Review: World Without Mind

I finished reading World Without Mind: The Existential Threat of Big Tech last week.  Given the Zuckerberg hearings in the past fortnight…this book is certainly of-the-moment, which means that (among other things) it’s overdue at the library.

In some respects, Franklin Foer strikes me as Neil Postman’s heir.  As Technopoly warned, technology has changed and expanded (and continues to do so) so quickly that it is difficult for anyone to be certain exactly what ideas, mores, or other cultural artifacts might be jettisoned as a matter of course.  There is no time to appreciate, much less anticipate, all the changes technology can wreak.

Foer alternates his attention between the tech itself and those who wield it.   GAFA (Google, Amazon, Facebook, Apple), he says, have “imperiled the way we think” by leveraging their “intoxicating convenience” to “press [people] into conformity.”  He discusses the power of GAFA’s curation as manipulation of knowledge and an erasure of free will, but I’m convinced that Amazon making it easy to click on a book does not mean Amazon has forced me to buy it.  The gap between consideration and action is still, thankfully, large.

Among Foer’s other concerns is the fact that, increasingly, decision-making – and, perhaps, more creative work – is being given over to algorithms instead of humans.  Given his profession (staff writer/editor), one can understand why he’d feel threatened by the specter of automatically-composed reports.  He also seems somewhat concerned by Google’s pursuit of AI.  I don’t believe AI is actually possible, despite what Descartes thinks about humans as complex organic machines, so it seems to me that the bigger problem is Google’s tendency to ignore copyright law in its quest to digitize all published books as grist for the AI mill.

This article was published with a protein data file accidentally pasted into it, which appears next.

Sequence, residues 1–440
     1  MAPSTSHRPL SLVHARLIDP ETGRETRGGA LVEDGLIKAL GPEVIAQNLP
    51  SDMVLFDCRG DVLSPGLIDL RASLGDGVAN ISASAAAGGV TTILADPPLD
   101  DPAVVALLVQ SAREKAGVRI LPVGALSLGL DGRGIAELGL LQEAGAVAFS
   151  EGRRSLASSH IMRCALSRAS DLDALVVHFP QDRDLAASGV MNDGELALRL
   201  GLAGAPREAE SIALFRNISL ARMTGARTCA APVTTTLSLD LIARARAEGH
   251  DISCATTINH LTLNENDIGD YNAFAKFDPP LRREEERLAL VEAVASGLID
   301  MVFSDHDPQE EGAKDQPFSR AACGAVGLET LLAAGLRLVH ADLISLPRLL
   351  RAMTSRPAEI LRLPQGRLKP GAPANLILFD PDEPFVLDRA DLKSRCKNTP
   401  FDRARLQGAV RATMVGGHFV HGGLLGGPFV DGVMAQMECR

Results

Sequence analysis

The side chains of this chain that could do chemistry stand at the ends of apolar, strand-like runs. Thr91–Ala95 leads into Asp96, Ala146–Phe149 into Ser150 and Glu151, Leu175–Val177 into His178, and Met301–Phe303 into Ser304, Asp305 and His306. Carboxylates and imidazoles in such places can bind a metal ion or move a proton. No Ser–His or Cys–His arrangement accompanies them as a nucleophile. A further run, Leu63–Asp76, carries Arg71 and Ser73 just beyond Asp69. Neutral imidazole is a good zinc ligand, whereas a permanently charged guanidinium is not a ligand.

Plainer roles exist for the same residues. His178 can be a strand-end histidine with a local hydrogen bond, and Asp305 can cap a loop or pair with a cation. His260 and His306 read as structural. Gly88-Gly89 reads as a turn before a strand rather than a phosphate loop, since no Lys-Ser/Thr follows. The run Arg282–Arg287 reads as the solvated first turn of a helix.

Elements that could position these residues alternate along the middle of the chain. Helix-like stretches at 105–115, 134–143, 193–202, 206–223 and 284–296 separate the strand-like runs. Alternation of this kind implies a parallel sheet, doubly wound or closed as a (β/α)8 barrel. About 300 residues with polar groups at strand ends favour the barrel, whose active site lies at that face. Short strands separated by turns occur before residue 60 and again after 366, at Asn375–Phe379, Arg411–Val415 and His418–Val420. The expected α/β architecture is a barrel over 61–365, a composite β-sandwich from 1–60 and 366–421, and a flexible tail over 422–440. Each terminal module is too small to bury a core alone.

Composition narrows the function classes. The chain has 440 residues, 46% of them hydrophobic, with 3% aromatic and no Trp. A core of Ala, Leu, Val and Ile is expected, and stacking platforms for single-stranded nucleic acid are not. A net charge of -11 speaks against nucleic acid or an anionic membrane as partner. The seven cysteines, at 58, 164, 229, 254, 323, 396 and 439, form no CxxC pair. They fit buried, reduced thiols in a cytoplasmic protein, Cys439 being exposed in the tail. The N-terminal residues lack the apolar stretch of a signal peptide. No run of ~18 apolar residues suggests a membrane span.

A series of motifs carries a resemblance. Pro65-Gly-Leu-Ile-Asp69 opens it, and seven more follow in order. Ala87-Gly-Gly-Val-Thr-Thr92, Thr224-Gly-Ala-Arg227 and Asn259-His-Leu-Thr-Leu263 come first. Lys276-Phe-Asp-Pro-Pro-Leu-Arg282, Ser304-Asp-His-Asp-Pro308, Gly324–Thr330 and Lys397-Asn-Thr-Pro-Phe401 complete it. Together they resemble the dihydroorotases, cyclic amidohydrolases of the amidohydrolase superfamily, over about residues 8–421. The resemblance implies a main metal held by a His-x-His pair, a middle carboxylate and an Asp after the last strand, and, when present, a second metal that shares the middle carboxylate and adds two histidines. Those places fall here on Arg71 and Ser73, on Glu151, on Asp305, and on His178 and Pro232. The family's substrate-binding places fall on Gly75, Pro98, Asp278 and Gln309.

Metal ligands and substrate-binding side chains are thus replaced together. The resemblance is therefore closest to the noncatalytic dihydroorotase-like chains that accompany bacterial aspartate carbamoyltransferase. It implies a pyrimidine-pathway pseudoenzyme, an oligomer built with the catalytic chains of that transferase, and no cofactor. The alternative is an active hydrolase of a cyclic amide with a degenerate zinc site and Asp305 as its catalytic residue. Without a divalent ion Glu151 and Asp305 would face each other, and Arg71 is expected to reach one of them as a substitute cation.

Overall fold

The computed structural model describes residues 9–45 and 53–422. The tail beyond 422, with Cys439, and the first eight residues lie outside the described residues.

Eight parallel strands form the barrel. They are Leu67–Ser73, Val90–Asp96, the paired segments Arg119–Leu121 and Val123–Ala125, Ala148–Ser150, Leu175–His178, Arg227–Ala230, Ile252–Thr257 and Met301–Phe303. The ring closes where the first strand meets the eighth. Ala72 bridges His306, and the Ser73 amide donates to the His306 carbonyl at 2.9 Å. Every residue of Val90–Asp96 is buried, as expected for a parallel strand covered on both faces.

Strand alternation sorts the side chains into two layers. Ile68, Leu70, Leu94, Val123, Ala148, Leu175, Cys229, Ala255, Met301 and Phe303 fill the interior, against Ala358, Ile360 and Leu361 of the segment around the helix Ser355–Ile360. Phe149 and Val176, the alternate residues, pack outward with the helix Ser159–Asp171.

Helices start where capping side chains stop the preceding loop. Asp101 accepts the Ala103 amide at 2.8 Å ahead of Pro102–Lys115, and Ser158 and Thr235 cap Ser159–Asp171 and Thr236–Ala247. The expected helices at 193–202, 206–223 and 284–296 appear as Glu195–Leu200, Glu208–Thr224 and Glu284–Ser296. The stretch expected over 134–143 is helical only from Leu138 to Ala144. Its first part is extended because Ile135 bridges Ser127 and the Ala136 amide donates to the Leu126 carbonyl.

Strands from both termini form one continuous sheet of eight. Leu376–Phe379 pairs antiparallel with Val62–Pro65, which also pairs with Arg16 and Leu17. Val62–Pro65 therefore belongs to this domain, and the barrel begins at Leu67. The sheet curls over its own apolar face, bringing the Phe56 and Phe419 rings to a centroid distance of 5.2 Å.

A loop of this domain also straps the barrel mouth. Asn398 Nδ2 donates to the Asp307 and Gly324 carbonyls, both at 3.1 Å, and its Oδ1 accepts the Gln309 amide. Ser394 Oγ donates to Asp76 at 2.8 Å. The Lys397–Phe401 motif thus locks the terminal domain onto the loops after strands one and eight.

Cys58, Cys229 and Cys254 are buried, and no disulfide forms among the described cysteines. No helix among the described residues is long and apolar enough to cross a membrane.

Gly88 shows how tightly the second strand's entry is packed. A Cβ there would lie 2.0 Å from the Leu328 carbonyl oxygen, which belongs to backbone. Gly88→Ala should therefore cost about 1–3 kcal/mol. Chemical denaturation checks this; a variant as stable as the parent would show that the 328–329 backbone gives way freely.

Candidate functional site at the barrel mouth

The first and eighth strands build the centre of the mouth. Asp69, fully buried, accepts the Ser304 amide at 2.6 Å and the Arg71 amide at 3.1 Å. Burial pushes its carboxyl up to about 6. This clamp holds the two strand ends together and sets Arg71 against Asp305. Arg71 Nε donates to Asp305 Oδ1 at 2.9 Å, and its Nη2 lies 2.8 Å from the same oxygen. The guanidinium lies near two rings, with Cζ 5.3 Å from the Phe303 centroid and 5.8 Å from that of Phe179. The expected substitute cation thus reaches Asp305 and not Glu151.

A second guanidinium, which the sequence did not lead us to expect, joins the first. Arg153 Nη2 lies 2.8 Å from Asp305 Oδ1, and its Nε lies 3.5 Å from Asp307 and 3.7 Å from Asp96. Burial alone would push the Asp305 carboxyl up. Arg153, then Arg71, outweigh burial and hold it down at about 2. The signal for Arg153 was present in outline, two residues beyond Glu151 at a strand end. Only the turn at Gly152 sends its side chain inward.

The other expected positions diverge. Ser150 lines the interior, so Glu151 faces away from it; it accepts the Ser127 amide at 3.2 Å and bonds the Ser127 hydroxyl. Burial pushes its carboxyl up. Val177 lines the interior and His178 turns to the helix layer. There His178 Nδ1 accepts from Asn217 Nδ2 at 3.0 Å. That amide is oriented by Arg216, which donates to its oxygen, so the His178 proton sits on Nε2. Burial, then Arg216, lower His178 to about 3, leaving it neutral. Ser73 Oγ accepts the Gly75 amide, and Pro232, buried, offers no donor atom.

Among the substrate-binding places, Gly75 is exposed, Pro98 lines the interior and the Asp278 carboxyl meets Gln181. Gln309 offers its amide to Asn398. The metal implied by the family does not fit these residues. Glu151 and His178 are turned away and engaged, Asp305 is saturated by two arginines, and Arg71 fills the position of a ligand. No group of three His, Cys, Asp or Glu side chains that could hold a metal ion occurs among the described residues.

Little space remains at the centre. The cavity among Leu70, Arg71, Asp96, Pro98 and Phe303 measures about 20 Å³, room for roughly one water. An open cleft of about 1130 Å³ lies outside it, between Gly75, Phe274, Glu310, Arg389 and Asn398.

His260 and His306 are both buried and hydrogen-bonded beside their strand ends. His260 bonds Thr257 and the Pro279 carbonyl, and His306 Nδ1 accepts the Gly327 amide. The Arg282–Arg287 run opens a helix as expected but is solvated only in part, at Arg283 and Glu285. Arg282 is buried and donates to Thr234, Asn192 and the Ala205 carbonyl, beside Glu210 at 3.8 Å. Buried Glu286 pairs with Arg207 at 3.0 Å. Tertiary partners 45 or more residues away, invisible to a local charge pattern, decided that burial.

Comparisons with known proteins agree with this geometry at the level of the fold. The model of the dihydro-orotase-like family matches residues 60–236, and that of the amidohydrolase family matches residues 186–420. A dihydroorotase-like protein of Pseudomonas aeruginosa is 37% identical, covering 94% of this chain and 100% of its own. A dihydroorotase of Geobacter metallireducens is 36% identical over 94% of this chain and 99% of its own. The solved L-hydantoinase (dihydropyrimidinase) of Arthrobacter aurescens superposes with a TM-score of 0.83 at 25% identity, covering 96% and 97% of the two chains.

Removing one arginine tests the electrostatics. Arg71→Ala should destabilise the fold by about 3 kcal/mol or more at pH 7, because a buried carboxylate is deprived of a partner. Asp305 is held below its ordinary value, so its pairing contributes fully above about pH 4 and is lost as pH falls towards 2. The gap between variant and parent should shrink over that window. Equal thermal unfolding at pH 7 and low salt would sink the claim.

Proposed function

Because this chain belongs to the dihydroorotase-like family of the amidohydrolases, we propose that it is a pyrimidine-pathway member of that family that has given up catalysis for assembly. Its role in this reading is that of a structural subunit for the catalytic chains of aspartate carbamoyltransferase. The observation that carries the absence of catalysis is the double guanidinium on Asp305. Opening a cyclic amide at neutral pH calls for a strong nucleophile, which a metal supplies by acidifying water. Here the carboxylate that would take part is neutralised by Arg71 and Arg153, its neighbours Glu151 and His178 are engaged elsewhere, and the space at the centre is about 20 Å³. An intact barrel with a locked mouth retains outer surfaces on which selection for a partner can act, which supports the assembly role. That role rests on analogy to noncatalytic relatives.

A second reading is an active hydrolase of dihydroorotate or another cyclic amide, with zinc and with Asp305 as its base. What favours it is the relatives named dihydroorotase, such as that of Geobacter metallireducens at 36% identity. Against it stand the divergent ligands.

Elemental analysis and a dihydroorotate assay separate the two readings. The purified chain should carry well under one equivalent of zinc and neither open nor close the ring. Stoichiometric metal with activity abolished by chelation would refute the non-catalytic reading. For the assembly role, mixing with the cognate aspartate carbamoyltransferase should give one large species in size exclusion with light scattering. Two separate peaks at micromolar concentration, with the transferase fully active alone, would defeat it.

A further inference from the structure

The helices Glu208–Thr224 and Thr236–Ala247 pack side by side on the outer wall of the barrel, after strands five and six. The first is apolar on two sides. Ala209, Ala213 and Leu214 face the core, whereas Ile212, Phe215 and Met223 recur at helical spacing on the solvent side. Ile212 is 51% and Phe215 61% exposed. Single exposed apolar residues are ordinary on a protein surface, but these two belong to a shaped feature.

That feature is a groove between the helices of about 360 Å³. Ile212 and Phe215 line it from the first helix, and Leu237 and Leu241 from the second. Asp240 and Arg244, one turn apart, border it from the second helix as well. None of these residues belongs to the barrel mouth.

Foer is also Postman’s heir in that the solutions he proffers are weak in the face of the huge problems he diagnoses.  He describes how much these corporations lobby in Washington, details some of the strategies they’ve used to avoid paying hundreds of millions of dollars in taxes, notes how the overlap of data and personal transparency is three steps away from a certain sort of authoritarianism, and notes again the ascendancy of algorithms – then states a need for antitrust legislation to break up this new type of monopoly, and a Data Protection Agency to force GAFA to give consumers a way to purge their data.

I don’t know enough about the industry to know whether this is even possible, much less likely.  If these corporations are already guilty of tax evasion on a huge scale, how would you force them to play nice with data, and why would you expect them to obey new laws about it?  “Google’s leadership doesn’t care terribly much about precedent or law,” according to one of the company’s attorneys (regarding the book digitizing effort in particular, but surely it applies more broadly).  Wired’s writeup of the hearings seems to agree: “Because these businesses operate differently from those in more traditional industries, they must be regulated differently. Congress, and by extension regulators, don’t understand enough about these businesses to regulate them, and risk further entrenching their power by attempting.”